"Fuller & Rude. That's it, the only thing written on the print. It might be the names of these two young ladies, but I suspect it's a commentary on their personalities. But is it a joke comment or heartfelt? I picked this one up in southern California, and it has to be form somewhere around the area. Every time I see one of these old south Cal photos I think, "If only I looked hard enough I could find that hill or that stream or that bluff." And then I look around and see how the landscape has been altered by one housing tract after another and realize it's a stupid idea. Still, I'll keep my eyes open.
Tuesday, February 26, 2013
It's been a long time since I've put up one of these souvenir photo folders. At first, I thought that the Empire State Candy Club was just that, a club, open to the public, a floor show, dancing, food and plenty of alcohol. But then, I started doing the research and found that it was a trade association of New York state candy distributors. What was interesting was how I found out. It doesn't look as if this particular association is in business any more, so I didn't find their web site. I found references to them in the University of California San Francisco Tobacco Documents Library Collection. One reference was an ad, taken by the Candy Club, in the program for the annual convention of The New York Association of Tobacco Sellers from September of 1963. The other, a cancelled check from The Tobacco Institute for the purchase of a ticket to the Fortieth Annual Empire State Candy Club Clambake in 1983.
I know, it seems a little weird that candy sellers would be connected to tobacco distributors, but then I started to remember the small town five and dime that sold me candy bars when I was a child. Sloan's had a huge counter that filled the back wall of the store. One half was candy and the other half was smokeless tobacco, cigars, and cigarettes. And what separated the two? Candy cigarettes and shredded chewing gum in snuff tins and tobacco pouches. On entrance to junior high school, average age about twelve, students were allowed to chew tobacco or dip snuff. At sixteen, with a parental permission slip, students were allowed to hang out in their very own smoking room. That was a long time ago. I was born in 1955, started grade school in 1960, and junior high in 1967. And the fact is, back then, that arrangement was fairly common in small town America.
A lot of my classmates chewed tobacco. As a life long hater of tobacco, I was very, very unhappy to be sitting next to a guy spitting tobacco juice into a paper cup. It made it hard to concentrate in class. And using the water fountains, with puddles of brown spit....disgusting. And I would bet, that if I could go back in time and make a count, at least a third, perhaps even half of the boys in my class had permission slips from their parents to smoke. I may be wrong, but if memory serves, that wasn't the case with the girls. It makes me wonder how many of my classmates died of cancer.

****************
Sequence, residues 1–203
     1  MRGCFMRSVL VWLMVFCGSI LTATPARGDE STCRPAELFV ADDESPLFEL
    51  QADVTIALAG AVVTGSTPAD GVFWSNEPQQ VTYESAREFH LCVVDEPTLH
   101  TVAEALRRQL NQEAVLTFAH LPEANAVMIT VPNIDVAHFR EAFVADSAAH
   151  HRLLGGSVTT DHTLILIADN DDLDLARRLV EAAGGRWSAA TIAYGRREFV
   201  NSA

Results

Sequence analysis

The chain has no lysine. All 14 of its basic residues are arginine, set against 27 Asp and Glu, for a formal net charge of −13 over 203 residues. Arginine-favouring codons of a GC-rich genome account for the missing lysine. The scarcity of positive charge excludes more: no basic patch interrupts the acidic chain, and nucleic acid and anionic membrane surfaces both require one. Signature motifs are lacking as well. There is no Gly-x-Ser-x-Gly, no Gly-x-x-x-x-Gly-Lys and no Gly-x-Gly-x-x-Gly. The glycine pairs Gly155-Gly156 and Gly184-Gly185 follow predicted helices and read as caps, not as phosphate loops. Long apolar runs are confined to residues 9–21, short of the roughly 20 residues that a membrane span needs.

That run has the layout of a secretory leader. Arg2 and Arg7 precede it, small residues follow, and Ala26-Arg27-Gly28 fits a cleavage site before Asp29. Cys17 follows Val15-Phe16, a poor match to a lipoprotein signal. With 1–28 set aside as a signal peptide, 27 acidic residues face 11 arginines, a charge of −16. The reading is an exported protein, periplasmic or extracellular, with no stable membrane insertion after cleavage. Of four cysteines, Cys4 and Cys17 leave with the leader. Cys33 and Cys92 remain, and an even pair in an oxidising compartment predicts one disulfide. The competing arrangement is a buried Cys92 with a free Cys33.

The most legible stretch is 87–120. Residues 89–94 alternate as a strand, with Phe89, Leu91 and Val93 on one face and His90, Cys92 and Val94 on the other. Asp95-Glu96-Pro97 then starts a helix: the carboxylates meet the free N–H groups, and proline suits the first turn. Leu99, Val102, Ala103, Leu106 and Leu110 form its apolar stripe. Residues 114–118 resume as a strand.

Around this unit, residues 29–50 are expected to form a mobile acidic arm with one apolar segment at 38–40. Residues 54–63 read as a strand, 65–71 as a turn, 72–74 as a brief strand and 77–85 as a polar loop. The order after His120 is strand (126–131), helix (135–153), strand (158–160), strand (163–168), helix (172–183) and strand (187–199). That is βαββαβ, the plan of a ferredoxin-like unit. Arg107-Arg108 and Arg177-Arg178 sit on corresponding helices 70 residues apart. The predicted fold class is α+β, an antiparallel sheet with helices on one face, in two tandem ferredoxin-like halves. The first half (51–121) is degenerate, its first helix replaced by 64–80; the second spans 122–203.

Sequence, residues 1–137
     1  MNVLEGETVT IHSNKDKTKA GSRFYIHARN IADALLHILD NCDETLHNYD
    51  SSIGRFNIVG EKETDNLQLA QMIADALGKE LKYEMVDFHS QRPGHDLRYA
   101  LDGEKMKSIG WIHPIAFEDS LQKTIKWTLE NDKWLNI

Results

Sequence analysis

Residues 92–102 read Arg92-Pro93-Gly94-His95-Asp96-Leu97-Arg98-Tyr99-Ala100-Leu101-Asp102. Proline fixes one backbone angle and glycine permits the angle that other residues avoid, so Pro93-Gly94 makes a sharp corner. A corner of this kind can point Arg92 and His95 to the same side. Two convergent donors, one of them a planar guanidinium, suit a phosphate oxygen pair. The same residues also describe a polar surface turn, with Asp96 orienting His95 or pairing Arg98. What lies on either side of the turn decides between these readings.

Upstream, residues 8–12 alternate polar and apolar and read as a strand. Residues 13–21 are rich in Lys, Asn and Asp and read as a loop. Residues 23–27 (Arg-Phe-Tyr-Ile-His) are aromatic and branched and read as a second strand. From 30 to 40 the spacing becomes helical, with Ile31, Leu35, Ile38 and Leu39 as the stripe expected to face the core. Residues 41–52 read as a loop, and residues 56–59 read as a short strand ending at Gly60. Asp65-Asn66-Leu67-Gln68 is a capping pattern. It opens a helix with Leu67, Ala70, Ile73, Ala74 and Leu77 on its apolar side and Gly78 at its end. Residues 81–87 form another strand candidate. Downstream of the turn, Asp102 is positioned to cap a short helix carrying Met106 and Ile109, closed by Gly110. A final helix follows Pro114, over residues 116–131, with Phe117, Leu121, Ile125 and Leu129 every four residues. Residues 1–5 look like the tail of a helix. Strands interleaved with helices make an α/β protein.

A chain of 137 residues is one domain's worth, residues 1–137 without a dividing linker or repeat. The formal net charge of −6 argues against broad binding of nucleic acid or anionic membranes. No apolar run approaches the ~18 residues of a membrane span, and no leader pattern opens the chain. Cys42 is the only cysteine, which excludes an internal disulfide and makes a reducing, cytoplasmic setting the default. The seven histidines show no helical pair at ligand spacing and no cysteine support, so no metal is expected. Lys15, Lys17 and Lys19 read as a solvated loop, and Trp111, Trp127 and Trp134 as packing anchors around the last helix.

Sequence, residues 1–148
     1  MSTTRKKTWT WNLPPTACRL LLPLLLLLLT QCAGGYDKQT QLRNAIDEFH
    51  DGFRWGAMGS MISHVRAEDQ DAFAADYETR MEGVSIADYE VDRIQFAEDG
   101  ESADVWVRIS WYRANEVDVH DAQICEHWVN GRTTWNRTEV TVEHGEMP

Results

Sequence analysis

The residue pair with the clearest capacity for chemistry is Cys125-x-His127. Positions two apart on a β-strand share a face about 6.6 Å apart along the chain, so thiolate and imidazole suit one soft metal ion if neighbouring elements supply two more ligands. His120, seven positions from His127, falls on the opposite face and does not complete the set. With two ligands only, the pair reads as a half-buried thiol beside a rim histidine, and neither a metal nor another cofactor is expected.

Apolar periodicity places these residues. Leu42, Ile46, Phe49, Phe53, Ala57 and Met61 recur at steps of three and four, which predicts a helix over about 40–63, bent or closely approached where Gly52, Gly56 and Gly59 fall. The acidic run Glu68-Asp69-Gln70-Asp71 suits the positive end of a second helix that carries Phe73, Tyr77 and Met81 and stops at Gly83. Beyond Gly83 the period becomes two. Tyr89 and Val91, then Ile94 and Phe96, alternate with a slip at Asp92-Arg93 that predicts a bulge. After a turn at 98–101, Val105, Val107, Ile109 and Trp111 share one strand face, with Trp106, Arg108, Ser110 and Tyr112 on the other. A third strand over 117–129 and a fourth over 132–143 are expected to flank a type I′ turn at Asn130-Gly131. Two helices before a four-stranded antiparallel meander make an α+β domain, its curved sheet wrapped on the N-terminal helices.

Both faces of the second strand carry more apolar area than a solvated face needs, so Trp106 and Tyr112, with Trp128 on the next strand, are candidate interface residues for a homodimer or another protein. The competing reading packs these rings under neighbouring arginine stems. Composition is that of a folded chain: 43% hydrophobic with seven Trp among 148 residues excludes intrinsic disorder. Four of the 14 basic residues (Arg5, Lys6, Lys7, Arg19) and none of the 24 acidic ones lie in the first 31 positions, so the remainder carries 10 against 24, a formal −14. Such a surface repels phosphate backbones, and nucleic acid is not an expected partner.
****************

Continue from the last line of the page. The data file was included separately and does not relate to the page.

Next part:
Over the years, I've put up quite a few of these folders. Click on souvenir photo folders or night clubs to bring up the others.
Saturday, February 23, 2013
It was a golden time after all. The war was over, the United States had one of the few strong economies in the world, unions were strong, and wages were high. There was even money to buy the kids a piano. Too bad rock & roll got 'em.
Stamped on the back, "ROLLMAN'S CAMERA SHOP APR 6 1954 SHILLINGTON, PA." What a great name for a camera shop. I'll bet there motto was buy a roll from Rollman's. And, as of January 2012, Rollman's was still in business. Of course my source for that info stated that Rollman's had been in business for 55 years. Do the math, and that means that the store opened in 1957, so clearly my source has some problems.
Shillington is a small town, a borough actually, adjacent to Reading, Pennsylvania. In the 1950s, Reading had a population of over 100,000, today it's under 90,000. There was a community named Shillington as early as 1860, but it didn't incorporate until 1908. And the first elected official, Burgess Adam Rollman. It's probable that some descendant of Adam was the camera store Rollman. The most famous Shillingtonian (?) was author John Updike. Updike was the valedictorian of the Shillington High class of 1950, so it's pretty probable that the young lady in this photo either knew him, or knew of him, before he was famous.